Extracto de Desde el tronco de un ombú

Ora enseñando los blancos dientes o dilatando las narices ...

Which is translated as:

Now showing his white teeth and flaring nostrils ...

Is "ora" a shortened version of "ahora"?

If so, when is one used and not the other?


1 Answer 1


Yes, according to the RAE dictionary, the use of ora with this meaning has its origin as a shortened form of ahora:



1. conj. distrib. ahora. Tomando ora la espada, ora la pluma.

So, it replaces ahora only with a specific meaning: when it's used as a conjunción distributiva. Note that this is a rather archaic use, so you'll probably find it only in old or literary writings.

One problem that remains is that this type of conjunctions normally have to appear in pairs, but in this sentence there is only one ora. Where is the other one? Let's take a look at the complete sentence:

Ora enseñando los blancos dientes o dilatando las narices, ya enarcando el cuello o dando una corveta, compele a su grey y la lleva al trazo de gramilla; se para de súbito, arroja un pequeño gruñido felino, y se pone a pastar.

Here the author is mixing ora with ya, which is another conjunción distributiva. It would have been more standard to say:

Ora enseñando [...], ora enarcando [...]


Ya enseñando [...], ya enarcando [...]

In English, now can be used in a similar fashion. Although not all dictionaries list this meaning, I found it in Merrian Webster:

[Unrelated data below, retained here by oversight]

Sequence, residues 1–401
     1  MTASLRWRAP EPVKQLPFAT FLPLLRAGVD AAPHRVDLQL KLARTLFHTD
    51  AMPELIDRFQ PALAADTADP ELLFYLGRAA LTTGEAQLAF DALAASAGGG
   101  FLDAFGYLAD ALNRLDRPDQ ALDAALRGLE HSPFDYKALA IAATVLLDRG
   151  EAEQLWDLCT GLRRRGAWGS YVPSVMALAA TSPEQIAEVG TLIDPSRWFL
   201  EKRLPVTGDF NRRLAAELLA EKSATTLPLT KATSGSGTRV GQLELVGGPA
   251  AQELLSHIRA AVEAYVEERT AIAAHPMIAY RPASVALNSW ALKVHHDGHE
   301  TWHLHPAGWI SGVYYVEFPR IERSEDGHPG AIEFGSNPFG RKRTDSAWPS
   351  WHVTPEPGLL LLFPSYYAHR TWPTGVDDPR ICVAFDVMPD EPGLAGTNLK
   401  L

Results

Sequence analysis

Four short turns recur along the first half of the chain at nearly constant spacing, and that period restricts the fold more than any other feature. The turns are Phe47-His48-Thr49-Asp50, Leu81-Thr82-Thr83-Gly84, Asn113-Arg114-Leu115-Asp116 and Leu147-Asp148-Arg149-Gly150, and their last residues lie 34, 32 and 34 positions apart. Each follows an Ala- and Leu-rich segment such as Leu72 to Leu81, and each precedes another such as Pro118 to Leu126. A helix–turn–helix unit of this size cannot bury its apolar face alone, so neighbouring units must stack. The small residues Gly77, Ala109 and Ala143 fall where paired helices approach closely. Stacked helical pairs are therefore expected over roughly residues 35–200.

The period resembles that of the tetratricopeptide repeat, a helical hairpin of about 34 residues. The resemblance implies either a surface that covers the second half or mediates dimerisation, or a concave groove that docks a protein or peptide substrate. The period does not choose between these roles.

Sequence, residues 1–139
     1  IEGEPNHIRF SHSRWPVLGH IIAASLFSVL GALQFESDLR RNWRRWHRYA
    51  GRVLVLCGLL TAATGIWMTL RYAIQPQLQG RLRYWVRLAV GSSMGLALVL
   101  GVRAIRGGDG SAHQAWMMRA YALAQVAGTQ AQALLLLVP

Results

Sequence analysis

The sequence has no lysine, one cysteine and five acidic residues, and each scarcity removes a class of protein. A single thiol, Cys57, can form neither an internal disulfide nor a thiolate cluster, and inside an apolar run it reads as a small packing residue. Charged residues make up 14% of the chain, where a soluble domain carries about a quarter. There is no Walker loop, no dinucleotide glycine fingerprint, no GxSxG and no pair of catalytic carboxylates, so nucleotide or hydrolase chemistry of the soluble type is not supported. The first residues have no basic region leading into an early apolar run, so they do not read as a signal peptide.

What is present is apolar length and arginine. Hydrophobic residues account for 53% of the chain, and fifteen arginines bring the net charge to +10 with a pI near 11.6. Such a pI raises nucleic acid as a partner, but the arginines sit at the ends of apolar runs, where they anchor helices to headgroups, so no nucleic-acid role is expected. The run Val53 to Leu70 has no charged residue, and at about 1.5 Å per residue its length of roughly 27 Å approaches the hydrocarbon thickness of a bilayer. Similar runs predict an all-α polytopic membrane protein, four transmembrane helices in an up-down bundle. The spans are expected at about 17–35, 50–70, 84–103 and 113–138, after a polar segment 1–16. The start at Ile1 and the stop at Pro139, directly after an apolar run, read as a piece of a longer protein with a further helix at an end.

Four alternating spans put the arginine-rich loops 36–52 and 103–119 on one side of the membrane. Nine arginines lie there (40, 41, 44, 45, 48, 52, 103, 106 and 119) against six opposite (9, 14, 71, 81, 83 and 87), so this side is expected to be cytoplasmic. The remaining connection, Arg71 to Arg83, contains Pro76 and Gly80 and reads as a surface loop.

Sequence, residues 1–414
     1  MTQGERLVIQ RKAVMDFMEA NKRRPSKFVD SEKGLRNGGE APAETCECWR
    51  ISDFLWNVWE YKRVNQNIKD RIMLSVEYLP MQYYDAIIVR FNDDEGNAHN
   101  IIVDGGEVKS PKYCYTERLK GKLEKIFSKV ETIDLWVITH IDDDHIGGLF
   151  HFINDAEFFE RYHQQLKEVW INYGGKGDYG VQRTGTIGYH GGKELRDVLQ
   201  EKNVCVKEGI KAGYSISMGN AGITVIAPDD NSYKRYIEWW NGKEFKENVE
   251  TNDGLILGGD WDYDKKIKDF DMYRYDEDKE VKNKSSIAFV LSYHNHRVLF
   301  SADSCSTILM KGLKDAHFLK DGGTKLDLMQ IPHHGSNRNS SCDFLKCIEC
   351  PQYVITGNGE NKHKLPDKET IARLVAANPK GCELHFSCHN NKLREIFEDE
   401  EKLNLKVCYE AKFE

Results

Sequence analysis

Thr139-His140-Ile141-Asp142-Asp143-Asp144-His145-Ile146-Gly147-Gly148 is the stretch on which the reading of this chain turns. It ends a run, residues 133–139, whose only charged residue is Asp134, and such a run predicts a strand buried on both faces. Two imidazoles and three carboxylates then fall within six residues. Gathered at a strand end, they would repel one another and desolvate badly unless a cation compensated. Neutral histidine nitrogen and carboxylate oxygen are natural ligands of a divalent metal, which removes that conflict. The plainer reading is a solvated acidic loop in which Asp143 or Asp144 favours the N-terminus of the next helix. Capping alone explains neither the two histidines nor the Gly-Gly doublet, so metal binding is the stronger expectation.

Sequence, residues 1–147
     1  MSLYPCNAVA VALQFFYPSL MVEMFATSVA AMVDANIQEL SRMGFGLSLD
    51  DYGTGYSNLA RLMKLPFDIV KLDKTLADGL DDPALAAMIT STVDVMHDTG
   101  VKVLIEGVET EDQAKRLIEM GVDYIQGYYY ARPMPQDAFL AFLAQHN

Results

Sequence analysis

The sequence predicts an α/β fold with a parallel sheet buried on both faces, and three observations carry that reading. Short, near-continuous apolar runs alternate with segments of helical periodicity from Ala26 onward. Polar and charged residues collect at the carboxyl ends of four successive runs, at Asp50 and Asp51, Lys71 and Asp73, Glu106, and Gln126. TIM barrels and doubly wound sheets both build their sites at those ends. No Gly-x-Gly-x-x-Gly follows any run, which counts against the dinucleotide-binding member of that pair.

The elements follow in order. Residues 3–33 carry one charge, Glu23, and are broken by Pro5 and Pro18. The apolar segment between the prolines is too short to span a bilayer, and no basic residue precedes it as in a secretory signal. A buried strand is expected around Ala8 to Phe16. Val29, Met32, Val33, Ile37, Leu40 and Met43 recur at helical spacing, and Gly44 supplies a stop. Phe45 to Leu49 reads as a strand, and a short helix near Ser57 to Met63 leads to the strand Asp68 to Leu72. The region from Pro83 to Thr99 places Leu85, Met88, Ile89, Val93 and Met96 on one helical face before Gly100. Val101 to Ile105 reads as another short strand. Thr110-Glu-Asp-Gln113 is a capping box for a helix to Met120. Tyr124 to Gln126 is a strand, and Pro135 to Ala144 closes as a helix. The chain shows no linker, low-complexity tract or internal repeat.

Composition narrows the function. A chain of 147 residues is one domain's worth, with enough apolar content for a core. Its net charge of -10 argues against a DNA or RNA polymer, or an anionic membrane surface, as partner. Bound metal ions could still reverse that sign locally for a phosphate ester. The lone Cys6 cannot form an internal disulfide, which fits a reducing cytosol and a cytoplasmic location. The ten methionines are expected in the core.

4: SOMETIMES now one and now another

and Oxford:

now ——, now ——

At one moment ——, at the next ——:

a wind whipped about the house, now this way, now that

In summary: it is a shortened version of ahora, but only with a specific meaning, and it is nowadays almost never used except in poetry and literature.

Also, as the other answer mentions, ora can also be the present tense, third-person singular, of orar. It's not the meaning it has in this sentence, but keep it in mind if you find this same word again.

  • Interesante, dejame decirte que lo busque en el diccionario y no aparecio esa definicion en la pagina normal del drae, de panhispánico de dudas y del esencial, como legaste a esa parte se diccionario para aprender? Yo si leia y decia que no tenia sentido que el caballo orando en ese contexto. Ombú al parecer es un tipo de arbol. Desde el celular May 29, 2014 at 11:39
  • 2
    Sí, la interfaz del DRAE es bastante mala, pero si buscas en el diccionario normal la palabra ora te aparecen dos opciones: -or, ra., ora. y orar. Dentro de la primera opción está la definición que copié. El ombú es un tipo de árbol/arbusto típico de la Pampa argentina y de Uruguay, de donde es el autor. es.wikipedia.org/wiki/Phytolacca_dioica
    – rsanchez
    May 29, 2014 at 11:51
  • Wow, I've never heard of this... it sounds too much like hora though for me to want to use it.
    – dockeryZ
    May 29, 2014 at 20:40
  • @dockeryz It always comes in pairs: Ora baila, ora canta. It does sound more literary than colloquial, but I could imagine some famous orator (no pun intended) using it in elevated language.
    – tchrist
    Jul 17, 2015 at 4:03

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